I consider myself a student for life concerning music. There is always so much to learn.



 11. A milestone in my Hammond organ playing career was:
Charting with Blue Bop on in the summer of 2006 was one  for certain. Also having my CD picked locally as one of the top jazz releases for 2006 by Lee Brown who was a jazz critic for The Other Paper was another.

12. A great recording of Hammond music not of my own:
That's a tough one to answer. There are so many. One of my favorite jazz organ recordings is Jimmy McGriff's "All About My Girl". As far as rock, Emerson, Lake, and Palmer's "Tarkus" will always be a favorite of mine.

13. Do you compose music using the organ?
Yes. Many times I will compose at the piano, though.

14.Do you feel there is an increasing interest in the Hammond organ?
Yes, I do. Especially with the clones getting better all the time and also the soft synth software that is readily available. However, there is nothing like playing a B3 that.....smells like a B3 :)
(The Captain couldn't agree more!)

15. What is your website address?
I have two of them. &


6. Do you use a Leslie speaker?
Yes, I do.

If yes, is there anything you can share about how you use it?
I have had Sal Azzarelli set up my gig Leslies (a 760 and modified 22H) to work with both of my gig organs (B3 and A-100). They are set up with slow-off-fast, so I have all the Leslie speed options.

He also adjusted them so they would be in phase properly if I ever wanted to use both of them at the same time. To this point, I have only used one or the other for gigs. I prefer the sound of my 22H because of the tubes, but I use my 760 most of the time for live playing because it's easier to transport.

7. Do you often play the bass line on the organ?
Yes. With my jazz quartet LDB3, I do it 100% of the time. I also play in  the blues band "Soul Satyr" which has a bass player. At times, the bass player will play harmonica and I take over the bass lines on the Hammond.

If yes, how do you do it?
I generally play the lines on the lower manual reinforced by taps on  the pedals. On ballads at times, I will play the bass entirely on the pedals. I  also will sometimes double the left hand bass with the pedals in unison on a shout chorus for more intensity at the end of a tune if the tempo will allow it ;)


Previous issues of This Month

Feb 2007  - Introduction
Mar 2007  - Out and about
Apr 2007  - Tony Monaco
May 2007  - Wil Blades
June 2007 - Vanessa Rodrigues
Jul/Aug 2007 - Gerard Gibbs

Amp rebuild services by Captain Foldback

The Captain now offers Hammond/Leslie amp rebuild/repair services at very reasonable prices. For most projects I do not charge for labour or I charge a flat fee. I do it to help and out of love for the Hammond/Leslie sound. My speciality is old Leslie amps such as 31H and 32H. I rebuild in various 'grades' depending on how original the owner wants it to look and sound. Conversions from one model to another are also possible, as well as voltage conversion of later models. Solid state Leslie projects are welcome.

Please contact me by filling out the contact form, if you wish to discuss a project. References are available.

One organ record that The Captain likes

Richard 'Groove' Holmes: Soul Message. Prestige Records, 1965.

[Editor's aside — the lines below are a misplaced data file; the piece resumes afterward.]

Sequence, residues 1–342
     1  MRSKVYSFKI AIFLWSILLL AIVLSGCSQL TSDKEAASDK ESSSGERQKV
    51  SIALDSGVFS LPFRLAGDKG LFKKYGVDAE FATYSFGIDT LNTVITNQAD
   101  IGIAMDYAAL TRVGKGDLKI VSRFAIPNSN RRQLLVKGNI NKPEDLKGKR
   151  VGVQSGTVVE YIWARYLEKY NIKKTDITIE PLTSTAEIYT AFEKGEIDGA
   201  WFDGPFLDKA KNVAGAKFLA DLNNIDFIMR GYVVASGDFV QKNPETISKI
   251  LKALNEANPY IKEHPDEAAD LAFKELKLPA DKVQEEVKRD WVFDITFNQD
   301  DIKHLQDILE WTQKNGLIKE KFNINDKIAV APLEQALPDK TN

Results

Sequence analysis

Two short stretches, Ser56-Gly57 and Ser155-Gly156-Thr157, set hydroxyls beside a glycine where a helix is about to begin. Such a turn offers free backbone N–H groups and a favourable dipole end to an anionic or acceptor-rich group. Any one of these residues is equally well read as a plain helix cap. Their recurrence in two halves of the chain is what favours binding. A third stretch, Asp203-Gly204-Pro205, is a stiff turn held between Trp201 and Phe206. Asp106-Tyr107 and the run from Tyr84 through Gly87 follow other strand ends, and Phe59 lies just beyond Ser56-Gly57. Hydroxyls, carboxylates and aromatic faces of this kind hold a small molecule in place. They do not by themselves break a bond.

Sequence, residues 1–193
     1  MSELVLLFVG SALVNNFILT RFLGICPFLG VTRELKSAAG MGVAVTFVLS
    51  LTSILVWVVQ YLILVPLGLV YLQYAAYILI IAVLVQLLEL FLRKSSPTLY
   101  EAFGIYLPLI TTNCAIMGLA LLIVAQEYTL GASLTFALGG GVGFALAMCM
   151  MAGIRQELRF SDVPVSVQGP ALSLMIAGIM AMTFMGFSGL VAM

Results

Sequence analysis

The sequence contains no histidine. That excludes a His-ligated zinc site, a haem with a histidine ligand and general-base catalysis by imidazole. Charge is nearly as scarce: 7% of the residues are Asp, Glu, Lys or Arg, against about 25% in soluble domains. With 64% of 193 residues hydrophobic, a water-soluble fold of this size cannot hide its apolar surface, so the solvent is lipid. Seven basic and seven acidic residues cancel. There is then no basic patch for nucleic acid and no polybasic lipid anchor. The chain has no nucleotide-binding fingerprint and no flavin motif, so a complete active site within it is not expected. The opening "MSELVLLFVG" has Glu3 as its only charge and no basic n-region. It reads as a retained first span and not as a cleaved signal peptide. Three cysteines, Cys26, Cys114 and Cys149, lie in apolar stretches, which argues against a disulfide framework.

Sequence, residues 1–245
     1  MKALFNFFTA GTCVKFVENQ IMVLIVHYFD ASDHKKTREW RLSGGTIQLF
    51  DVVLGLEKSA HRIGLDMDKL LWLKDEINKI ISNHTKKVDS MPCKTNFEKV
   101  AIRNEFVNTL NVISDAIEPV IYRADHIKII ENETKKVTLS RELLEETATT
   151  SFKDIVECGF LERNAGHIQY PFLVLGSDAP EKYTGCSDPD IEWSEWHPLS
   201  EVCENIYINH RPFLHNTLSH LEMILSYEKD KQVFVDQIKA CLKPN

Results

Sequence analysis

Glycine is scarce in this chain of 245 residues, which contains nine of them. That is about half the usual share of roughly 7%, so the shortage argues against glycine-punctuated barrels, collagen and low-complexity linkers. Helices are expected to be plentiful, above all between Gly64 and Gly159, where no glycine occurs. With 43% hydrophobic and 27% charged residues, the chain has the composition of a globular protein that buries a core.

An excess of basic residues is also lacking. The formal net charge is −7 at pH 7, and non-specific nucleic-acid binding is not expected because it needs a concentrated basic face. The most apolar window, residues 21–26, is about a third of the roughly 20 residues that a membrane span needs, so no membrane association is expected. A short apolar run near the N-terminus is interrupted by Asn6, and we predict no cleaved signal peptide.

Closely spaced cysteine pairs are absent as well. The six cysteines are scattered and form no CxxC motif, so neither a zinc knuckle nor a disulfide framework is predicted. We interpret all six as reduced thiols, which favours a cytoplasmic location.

Soul Message is one of my favourite organ records. A short little album, six tunes - but with so much soul. Two of the tracks - 'Misty' and 'Groove's Groove' - were issued in edited form as a single and gave Groove Holmes a pop single hit. It takes a while for this record to really grow on you. Sure, it sounds nice to begin with, but it's very understated, and Groove tickles the organ so effortlessly that it may seem to be simple playing. With repeated listening, you will get to appreciate the details of Groove's soloing and decidedly funky bass lines.
To me, the emotional climax of the album is the clever use of the Leslie speaker by Groove in the 2nd to last track (the actual sound is of course just as much due to the legendary Rudy Van Gelder who engineered the recording). When the track is over, you get a couple of seconds to take it all in, and then Groove comes back with the album's upbeat title track.
A great record from a great, great artist. Get a copy before your neighbour!

Website updates

  • I re-scanned the Hammond D-100 organ schematics and re-posted in Gif format
  • The Leslie 610 service manual is in the works being scanned
  • The Hammond XTP service manual has been given to me as a scan, it will be posted soon
  • I have secured a nice xerox copy of the X-77 service manual and will scan the schematics soon

To modify or not to modify?

When re-building or re-conditioning an old piece of equipment, one often gets to deal with previous owners/service techs/reseller's modifications. Sometimes the modification is actually a valid upgrade, maybe done several decades ago. So what does one do? Rebuild to stock or rebuild including the modification? Of course, it depends on whom you are rebuilding for: If you are rebuilding for yourself, you can do whatever you want to. If you are rebuilding for somebody else, the owner will have to decide. In each case, one must carefully consider the historic value of the organ/speaker and its condition. The Captain is a fan of stock, but some modifications do make sense, both for the sake of safety, interoperability of different types of equipment, and for the general enjoyment of the user. Your comments are welcome!

-Captain Foldback